I do not have any clear vision of merging with a US company at this moment, but we are still seeking a company which can add something to our strength, or that can use our technology to get more customers. We merged with a chemical company last year that is good at cutting service silicone, metal, semiconductors, etc., and they are the number one in the market to cut silicone products.

 

You have been Executive President and Representative Director of Nicca Chemical Co. Ltd. since June 2001. After 15 years as President of Nicca Chemical, what do you consider have been the main accomplishments of your presidency?

There are two things: one is the big growth that we have experienced in cosmetics. The second thing is our world-class globalization. As a result, we have been listed on the Tokyo Stock Exchange last year. This is just a result from our company's long path, not just my accomplishment, but our company’s accomplishment. There is no accomplishment by myself. We have been able to go through the crisis as a team. Strengthening our teamwork is another of my best accomplishments, not only in Japan, but all over the world. In this part, I am very confident, also in our future, as we have built a strong basement. Our focus is to have textiles go international. I cannot announce it yet, but we have formed new partnerships as well.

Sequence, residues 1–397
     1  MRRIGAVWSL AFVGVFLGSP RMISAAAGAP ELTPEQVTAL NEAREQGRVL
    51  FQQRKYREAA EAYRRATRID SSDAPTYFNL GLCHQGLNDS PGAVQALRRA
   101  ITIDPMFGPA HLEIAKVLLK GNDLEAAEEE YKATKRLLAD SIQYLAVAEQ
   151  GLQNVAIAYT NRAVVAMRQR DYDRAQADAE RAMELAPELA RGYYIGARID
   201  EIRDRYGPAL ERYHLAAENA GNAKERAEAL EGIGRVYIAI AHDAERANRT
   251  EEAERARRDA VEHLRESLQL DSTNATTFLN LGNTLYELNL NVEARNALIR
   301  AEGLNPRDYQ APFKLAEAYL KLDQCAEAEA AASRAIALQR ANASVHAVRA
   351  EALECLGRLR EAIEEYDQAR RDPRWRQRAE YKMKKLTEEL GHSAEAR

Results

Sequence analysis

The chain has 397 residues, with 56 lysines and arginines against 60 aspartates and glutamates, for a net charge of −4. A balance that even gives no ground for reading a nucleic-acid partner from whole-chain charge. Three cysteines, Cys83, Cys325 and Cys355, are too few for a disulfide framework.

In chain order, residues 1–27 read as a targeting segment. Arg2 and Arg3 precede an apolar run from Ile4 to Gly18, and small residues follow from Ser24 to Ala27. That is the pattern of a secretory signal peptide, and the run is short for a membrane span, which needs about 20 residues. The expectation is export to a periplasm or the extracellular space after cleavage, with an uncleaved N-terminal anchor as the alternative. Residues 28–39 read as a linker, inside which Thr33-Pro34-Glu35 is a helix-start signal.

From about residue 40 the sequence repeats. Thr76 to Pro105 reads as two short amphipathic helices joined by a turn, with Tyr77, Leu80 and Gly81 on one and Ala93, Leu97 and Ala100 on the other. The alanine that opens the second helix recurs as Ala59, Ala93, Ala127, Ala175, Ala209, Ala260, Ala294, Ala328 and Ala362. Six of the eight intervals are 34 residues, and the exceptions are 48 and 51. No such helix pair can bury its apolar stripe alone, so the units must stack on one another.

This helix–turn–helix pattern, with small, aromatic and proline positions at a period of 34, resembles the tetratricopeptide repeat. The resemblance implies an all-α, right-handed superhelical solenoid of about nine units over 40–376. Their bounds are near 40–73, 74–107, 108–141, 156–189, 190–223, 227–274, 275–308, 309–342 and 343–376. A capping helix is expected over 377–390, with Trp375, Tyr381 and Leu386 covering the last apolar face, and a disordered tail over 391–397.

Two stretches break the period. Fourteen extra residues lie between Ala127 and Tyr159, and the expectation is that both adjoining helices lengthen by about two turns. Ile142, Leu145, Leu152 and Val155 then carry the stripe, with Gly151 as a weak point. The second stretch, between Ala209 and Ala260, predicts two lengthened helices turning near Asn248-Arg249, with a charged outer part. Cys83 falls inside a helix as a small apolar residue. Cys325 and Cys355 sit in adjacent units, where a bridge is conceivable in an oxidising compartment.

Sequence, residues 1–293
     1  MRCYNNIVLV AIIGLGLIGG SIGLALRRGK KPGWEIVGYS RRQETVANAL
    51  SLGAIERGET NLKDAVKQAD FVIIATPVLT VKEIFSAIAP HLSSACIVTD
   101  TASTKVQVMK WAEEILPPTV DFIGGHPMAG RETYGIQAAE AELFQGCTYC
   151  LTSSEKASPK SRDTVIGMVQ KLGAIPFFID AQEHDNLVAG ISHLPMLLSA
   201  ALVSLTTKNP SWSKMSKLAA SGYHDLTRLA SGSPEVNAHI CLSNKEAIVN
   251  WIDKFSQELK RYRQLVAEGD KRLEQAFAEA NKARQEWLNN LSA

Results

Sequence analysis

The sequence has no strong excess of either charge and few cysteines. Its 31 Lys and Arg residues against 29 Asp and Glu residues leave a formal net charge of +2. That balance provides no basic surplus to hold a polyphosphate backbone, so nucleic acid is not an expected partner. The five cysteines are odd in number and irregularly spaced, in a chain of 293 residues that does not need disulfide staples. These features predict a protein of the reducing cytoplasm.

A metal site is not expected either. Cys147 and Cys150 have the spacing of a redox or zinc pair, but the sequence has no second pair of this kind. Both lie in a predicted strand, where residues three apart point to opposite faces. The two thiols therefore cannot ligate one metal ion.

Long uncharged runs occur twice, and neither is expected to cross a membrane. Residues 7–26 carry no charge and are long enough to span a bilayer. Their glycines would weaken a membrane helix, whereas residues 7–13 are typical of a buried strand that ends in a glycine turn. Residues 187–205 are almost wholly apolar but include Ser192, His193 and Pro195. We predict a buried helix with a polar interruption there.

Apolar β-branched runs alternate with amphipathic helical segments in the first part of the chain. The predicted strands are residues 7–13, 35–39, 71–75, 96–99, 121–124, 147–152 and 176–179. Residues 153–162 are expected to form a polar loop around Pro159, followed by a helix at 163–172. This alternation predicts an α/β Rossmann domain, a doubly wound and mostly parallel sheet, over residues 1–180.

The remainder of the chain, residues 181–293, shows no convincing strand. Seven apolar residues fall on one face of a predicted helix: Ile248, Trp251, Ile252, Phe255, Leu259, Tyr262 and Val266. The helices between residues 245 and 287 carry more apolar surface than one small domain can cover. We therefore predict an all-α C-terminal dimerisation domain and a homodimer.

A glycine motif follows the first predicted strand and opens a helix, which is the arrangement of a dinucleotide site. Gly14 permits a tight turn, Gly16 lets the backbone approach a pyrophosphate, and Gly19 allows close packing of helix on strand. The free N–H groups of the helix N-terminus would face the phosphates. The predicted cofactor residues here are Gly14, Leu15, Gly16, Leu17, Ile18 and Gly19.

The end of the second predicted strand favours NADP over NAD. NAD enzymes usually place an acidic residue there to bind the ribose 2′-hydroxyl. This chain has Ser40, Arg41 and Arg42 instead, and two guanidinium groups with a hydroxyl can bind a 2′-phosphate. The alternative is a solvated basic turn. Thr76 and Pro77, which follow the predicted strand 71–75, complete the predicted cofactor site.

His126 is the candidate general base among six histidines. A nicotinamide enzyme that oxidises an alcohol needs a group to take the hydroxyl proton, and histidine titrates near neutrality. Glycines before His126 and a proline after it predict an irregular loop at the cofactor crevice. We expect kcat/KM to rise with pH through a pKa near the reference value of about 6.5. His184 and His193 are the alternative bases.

As a final message, what would you like to share?

We are a company based in a small prefecture in Japan, but our mission has always been to create interesting and innovative products. Now we are expanding to take these products to international markets. We are a very unique and innovative company, which is based in Fukui, a rural area. However, now we have become a real globalized and diversified company.